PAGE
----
Scammers are continuing to use the IRS as a lure and these tax scams take many different forms. The most common scams are phone calls and emails from crooks who pretend to be from the IRS. These scammers use the IRS name, logo or even a fake website to try and steal money from you. Identity theft can also happen with these scams.
You need to be very wary of phone calls or automated messages from someone who claims to be from the IRS. Often these criminals will say that you owe the IRS money and may also demand immediate payment. These scammers will lie to you and say they are owed a refund. They then ask for bank account information over the phone. The IRS is again warning taxpayers not to fall for these scams. Never provide any personal information to these thieves.
Here are several tips that will help you avoid becoming a scam victim.
IRS employees will NOT:
- Call demanding immediate payment. The IRS will not call a taxpayer if they owe tax without first sending a bill in the mail.
- Demand payment without allowing the taxpayer to question or appeal the amount owed.
- Require the taxpayer pay their taxes a certain way. For example, demand taxpayers use a prepaid debit card.
- Ask for credit or debit card numbers over the phone.
- Threaten to contact local police or similar agencies to arrest the taxpayer for non-payment of taxes.
- Threaten legal action such as a lawsuit.
If you are contacted in this way and don’t owe or think you owe any tax, you should:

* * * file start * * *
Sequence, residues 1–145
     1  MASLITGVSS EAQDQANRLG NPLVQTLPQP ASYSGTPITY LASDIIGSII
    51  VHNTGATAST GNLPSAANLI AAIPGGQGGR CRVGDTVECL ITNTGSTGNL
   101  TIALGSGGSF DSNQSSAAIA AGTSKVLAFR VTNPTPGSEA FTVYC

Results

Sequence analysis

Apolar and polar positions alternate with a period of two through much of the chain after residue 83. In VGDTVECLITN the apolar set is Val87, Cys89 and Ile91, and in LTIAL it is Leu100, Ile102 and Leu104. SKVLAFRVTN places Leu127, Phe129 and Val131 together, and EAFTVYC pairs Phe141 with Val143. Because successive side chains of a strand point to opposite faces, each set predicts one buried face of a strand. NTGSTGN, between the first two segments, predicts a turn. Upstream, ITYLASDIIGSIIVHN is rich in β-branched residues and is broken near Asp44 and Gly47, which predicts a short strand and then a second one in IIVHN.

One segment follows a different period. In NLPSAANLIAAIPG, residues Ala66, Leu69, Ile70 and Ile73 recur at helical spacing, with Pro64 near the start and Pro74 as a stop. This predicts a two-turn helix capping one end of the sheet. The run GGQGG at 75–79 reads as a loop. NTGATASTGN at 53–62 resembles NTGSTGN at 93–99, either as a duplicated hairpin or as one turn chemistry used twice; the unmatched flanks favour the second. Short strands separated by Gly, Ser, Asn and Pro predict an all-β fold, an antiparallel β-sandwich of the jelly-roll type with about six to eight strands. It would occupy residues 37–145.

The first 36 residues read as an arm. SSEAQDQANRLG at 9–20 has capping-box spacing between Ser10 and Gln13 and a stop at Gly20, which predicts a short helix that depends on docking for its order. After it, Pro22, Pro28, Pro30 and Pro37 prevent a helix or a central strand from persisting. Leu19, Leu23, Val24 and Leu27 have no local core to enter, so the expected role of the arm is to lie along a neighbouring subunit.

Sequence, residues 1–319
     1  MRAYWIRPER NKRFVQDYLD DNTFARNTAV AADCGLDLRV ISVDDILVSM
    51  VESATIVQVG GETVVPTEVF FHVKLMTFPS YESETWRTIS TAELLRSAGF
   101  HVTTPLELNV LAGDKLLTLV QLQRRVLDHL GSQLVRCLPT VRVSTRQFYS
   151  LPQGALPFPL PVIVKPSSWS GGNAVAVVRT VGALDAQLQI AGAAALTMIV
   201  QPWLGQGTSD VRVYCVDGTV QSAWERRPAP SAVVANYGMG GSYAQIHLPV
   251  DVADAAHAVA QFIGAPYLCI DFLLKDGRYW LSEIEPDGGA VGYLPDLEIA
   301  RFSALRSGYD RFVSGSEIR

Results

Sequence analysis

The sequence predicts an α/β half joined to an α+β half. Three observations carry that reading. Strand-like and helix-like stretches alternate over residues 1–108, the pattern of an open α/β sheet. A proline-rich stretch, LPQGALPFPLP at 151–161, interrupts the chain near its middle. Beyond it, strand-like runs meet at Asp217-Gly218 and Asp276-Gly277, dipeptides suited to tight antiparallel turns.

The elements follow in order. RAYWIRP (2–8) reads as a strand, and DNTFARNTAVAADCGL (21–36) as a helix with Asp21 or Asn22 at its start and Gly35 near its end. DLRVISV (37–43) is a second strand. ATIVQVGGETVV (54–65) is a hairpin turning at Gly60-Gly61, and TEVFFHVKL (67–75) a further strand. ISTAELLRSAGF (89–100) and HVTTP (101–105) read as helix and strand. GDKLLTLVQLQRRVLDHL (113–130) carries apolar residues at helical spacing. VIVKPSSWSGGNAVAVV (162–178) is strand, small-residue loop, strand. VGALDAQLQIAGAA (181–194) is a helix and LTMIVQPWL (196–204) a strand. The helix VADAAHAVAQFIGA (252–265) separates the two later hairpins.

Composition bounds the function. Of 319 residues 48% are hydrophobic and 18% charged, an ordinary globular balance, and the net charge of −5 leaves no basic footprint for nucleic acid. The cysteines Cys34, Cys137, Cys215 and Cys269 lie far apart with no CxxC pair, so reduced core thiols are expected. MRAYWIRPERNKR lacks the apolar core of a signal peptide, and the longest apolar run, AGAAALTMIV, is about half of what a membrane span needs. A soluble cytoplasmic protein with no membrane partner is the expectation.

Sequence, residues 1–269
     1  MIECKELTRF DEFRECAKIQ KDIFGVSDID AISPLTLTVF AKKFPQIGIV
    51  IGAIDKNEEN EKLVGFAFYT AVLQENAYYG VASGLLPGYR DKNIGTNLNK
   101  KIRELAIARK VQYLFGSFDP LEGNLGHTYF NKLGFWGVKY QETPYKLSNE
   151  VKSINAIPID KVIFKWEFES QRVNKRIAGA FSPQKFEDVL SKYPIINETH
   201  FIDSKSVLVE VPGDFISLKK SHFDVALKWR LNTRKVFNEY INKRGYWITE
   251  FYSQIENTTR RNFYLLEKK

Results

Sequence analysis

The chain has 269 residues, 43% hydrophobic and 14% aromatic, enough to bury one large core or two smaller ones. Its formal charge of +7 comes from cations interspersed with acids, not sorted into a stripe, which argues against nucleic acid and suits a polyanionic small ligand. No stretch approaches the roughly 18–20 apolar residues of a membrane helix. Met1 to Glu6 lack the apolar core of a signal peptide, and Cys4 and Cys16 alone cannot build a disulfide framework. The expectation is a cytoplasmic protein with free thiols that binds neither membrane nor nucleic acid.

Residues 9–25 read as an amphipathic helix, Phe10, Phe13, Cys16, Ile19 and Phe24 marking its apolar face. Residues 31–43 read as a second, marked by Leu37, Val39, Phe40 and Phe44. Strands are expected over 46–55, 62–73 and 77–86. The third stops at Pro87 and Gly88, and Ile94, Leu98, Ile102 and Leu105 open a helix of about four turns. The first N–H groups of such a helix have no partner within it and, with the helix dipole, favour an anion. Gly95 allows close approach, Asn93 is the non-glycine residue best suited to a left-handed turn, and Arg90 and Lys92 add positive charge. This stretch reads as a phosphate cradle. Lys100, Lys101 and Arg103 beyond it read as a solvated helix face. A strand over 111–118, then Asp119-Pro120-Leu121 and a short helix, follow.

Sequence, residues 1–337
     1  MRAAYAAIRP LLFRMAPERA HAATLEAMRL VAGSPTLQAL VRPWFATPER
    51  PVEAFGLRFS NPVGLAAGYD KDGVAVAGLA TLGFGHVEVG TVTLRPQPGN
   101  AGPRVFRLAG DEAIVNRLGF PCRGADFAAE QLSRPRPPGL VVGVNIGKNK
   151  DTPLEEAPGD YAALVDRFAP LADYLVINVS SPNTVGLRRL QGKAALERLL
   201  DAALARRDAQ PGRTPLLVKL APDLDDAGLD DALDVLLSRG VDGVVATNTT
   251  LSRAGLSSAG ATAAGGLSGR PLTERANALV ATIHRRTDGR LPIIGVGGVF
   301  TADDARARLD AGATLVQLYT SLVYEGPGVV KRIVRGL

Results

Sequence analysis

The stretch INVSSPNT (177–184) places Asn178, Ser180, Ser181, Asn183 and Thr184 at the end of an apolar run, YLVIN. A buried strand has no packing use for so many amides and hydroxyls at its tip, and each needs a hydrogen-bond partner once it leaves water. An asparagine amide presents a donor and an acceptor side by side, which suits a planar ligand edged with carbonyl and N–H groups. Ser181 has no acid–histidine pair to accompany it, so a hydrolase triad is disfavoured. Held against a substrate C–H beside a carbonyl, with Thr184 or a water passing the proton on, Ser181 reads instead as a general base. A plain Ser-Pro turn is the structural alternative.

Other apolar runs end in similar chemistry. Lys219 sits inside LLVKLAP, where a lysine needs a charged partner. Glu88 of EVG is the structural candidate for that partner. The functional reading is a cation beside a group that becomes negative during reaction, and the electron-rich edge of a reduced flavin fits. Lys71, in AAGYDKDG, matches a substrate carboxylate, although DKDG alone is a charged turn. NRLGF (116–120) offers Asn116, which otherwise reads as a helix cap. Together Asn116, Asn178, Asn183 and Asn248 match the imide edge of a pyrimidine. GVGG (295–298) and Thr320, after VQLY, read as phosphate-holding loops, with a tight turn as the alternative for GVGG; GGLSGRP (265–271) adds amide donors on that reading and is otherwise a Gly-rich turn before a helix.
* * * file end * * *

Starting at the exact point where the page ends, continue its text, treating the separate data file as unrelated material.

Contact the Treasury Inspector General for Tax Administration. Use TIGTA’s “IRS Impersonation Scam Reporting” webpage to report the incident.
Report the incident to the Federal Trade Commission. Use the “FTC Complaint Assistant” on FTC.gov. Please add “IRS Telephone Scam” to the comments of your report.
Then there are IRS phishing scams; this scam is an unsolicited, bogus email that claims to come from the IRS. Scammers often use fake refunds, phony tax bills or threats of an audit.
Some emails link to phony websites that look very real. The scammers’ goal is to lure victims to give up their personal and financial information. If they get what they’re after, they use it to steal a victim’s money and their identity.
For those taxpayers who get a ‘phishing’ email, the IRS offers this advice:
- Don’t reply to the message.
- Don’t give out your personal or financial information.
- Forward the email to firstname.lastname@example.org. Then delete it.
- Do not open any attachments or click on any links. They may have malicious code that will infect your computer.
More information on how to report phishing or phone scams is available on IRS.gov.